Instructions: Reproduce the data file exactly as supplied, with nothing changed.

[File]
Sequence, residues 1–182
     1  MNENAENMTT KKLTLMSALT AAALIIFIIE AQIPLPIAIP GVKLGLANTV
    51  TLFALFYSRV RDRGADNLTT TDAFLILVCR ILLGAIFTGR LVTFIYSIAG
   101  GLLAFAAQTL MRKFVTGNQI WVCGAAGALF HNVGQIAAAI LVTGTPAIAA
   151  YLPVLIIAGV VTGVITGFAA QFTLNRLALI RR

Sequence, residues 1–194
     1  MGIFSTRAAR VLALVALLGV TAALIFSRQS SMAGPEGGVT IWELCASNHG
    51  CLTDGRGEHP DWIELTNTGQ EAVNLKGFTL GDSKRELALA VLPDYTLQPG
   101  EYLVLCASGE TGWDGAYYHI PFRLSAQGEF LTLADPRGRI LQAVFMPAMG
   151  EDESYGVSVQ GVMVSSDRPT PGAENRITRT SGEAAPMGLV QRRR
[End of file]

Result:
Sequence, residues 1–182
     1  MNENAENMTT KKLTLMSALT AAALIIFIIE AQIPLPIAIP GVKLGLANTV
    51  TLFALFYSRV RDRGADNLTT TDAFLILVCR ILLGAIFTGR LVTFIYSIAG
   101  GLLAFAAQTL MRKFVTGNQI WVCGAAGALF HNVGQIAAAI LVTGTPAIAA
   151  YLPVLIIAGV VTGVITGFAA QFTLNRLALI RR

Sequence, residues 1–194
     1  MGIFSTRAAR VLALVALLGV TAALIFSRQS SMAGPEGGVT IWELCASNHG
    51  CLTDGRGEHP DWIELTNTGQ EAVNLKGFTL GDSKRELALA VLPDYTLQPG
   101  EYLVLCASGE TGWDGAYYHI PFRLSAQGEF LTLADPRGRI LQAVFMPAMG
   151  EDESYGVSVQ GVMVSSDRPT PGAENRITRT SGEAAPMGLV QRRR